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  8. This is exactly how I am with the horses at work. I’ve been in a “zone” before staring at them trying to figure out if they need a blanket for the day or should I just change to a lighter blanket, and on and on. And unfortunatly there isn’t always someone at the barn who can just pulled them off quickly for me. Luckily my own horse is a hardy, wholly mammoth and doesn’t really get cold.

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  9. here is a really good paper about a study done on rugging. I felt so much better about leaving my horses naked when it was just a bit cooler after reading this. They now always go naked unless clipped or cold and wet basically. It looks a bit odd at competitions as my horse is always one step lighter in rugs than everything else, but he’s always comfortable! https://www.researchgate.net/publication/329156033_To_rug_or_not_to_rug_potential_impacts_on_equine_welfare

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  10. Man, I complain about Midwest winter but at least we don’t have 30 degree temperature swings regularly. That would be very hard to manage.

    And yes for more turnout and hay! This is Mort’s first winter at home and he seems to be loving all the outside time. I’m interested to see if he drops weight this spring like he has every other year I’ve owned him. Hopefully he follows Henry’s example and stays thick!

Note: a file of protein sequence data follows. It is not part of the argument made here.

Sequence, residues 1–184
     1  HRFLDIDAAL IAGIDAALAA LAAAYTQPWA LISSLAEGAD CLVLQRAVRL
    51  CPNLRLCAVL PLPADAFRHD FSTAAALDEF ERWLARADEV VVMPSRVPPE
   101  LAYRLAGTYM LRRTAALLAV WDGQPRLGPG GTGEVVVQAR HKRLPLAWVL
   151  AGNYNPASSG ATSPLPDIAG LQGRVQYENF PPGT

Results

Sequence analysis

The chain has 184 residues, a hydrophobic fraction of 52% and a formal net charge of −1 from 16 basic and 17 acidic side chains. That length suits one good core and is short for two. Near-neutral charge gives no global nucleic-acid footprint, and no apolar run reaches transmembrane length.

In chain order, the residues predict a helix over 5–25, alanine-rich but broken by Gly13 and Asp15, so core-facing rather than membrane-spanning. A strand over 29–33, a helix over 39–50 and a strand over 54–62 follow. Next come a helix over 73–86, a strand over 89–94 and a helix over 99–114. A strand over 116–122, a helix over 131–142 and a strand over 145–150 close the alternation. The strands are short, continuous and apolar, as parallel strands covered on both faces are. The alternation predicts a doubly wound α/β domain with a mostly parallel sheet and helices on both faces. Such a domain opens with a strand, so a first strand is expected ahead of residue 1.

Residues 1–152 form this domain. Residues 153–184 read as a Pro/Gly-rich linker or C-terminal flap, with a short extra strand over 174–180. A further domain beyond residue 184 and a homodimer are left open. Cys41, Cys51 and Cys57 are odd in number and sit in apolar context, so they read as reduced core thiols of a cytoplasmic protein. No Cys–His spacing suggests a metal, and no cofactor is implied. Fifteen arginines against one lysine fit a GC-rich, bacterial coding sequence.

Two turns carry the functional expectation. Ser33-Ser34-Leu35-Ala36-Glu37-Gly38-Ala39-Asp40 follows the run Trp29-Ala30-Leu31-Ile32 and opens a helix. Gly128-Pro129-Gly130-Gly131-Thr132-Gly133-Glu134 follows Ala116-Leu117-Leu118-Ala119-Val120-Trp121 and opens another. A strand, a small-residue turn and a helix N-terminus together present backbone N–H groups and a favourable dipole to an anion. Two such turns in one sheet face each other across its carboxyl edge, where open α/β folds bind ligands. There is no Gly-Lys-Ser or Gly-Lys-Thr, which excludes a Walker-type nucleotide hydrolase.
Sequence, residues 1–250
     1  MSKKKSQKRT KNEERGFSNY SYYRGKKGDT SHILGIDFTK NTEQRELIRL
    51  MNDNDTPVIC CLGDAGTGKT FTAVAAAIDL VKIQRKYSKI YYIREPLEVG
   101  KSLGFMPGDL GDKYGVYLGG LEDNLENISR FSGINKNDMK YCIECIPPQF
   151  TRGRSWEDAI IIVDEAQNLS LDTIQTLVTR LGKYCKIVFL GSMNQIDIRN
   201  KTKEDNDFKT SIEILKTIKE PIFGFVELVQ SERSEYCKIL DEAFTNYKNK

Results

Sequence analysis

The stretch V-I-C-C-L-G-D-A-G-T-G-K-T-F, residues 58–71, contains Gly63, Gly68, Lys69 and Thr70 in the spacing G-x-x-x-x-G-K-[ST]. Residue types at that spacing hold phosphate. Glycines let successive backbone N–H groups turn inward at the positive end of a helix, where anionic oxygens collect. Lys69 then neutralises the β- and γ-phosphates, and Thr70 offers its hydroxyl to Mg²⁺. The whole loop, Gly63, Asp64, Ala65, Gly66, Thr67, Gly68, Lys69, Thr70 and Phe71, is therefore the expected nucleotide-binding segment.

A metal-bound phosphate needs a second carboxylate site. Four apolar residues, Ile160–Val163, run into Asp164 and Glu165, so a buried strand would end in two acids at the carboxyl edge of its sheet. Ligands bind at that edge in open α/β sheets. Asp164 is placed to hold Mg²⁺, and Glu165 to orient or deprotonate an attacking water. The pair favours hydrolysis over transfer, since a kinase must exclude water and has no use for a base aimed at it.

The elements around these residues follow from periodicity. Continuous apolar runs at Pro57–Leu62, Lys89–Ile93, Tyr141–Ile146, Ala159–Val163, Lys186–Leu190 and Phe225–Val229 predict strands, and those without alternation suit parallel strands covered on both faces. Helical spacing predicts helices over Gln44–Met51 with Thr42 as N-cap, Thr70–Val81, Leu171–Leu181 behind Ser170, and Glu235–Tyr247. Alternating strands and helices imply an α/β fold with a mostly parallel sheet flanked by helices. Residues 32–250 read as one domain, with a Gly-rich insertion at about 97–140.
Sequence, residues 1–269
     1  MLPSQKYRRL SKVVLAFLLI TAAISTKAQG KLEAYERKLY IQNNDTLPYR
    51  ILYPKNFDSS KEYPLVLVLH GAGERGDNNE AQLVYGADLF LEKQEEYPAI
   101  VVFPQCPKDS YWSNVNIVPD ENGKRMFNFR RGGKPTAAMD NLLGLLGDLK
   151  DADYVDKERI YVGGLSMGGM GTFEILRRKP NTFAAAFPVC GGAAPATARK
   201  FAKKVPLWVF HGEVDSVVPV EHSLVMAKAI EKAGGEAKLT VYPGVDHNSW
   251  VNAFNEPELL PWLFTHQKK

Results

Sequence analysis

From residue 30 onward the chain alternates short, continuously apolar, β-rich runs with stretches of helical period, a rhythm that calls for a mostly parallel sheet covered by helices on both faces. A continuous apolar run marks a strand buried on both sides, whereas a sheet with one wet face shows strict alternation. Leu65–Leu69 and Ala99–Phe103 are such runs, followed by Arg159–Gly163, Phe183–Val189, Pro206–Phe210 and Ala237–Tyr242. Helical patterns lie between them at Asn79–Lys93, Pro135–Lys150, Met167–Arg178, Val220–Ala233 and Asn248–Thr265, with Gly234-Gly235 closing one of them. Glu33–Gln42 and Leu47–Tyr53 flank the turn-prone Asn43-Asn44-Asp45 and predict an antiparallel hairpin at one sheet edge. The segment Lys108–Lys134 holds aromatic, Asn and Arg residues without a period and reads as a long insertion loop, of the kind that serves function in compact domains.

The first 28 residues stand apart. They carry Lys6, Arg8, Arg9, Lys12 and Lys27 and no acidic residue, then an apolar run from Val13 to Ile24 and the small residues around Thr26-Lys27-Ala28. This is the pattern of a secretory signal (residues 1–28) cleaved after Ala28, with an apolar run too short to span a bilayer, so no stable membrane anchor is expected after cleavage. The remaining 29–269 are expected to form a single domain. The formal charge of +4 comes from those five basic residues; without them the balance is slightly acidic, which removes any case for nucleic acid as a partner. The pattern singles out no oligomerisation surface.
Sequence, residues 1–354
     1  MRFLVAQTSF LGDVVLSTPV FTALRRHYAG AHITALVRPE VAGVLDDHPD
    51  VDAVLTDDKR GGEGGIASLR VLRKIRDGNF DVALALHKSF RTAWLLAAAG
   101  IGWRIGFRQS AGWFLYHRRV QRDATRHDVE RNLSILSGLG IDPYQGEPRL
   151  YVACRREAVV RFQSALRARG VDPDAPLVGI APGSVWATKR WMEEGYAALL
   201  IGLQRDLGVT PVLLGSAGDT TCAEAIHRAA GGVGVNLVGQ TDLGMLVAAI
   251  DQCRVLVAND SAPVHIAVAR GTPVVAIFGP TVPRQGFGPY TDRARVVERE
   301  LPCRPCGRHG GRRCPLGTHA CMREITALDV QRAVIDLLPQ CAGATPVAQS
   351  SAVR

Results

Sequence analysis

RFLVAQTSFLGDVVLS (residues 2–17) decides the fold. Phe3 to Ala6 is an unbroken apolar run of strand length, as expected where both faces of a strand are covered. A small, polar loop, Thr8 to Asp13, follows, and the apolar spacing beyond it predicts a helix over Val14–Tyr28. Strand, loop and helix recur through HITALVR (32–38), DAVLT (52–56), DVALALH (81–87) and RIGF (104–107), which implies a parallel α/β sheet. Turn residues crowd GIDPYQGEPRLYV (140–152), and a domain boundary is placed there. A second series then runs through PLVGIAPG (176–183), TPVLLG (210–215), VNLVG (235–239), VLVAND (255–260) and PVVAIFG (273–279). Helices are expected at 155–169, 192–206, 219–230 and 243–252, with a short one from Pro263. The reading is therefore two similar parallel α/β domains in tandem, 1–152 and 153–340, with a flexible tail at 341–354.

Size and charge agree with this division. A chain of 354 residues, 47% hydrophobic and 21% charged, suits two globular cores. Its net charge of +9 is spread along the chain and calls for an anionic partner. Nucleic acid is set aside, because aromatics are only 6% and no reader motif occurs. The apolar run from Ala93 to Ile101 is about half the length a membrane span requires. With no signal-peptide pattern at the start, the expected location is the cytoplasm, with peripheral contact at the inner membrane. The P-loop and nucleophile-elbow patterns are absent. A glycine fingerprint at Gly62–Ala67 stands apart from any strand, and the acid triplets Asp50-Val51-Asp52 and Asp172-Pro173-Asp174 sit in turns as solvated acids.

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  11. Wild temp swings are the hardest to manage for sure. We get that in the spring here. I’ve always preferred to have them a bit chilly in the am and comfortable later on. A friend that boards at my place insists on putting a black rain sheet on her horse that time of year and he is always soaked in sweat when I get home to check him. Ugh.

    Love the pics of chonky Henry!

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  12. I’m southeast of you in Texas, just under the outer rim of the coastal weather effect, and it’s been very mild most of the time. The horses are shedding and the dog is losing huge handfuls of coat like it’s April.

    In my barn we are wondering if this warm damp January will be followed by a cold February, which happens sometimes.

    I’m happy that a very limited clip has kept my horse comfortable with occasional blanketing. I’m fortunate that the barn is good about de-blanketing once the day is warming up.

    Agreed that the horses prefer to be cooler rather than warmer. I doubt I’ll clip again, but will probably attack with the de-shedding gloves as we go.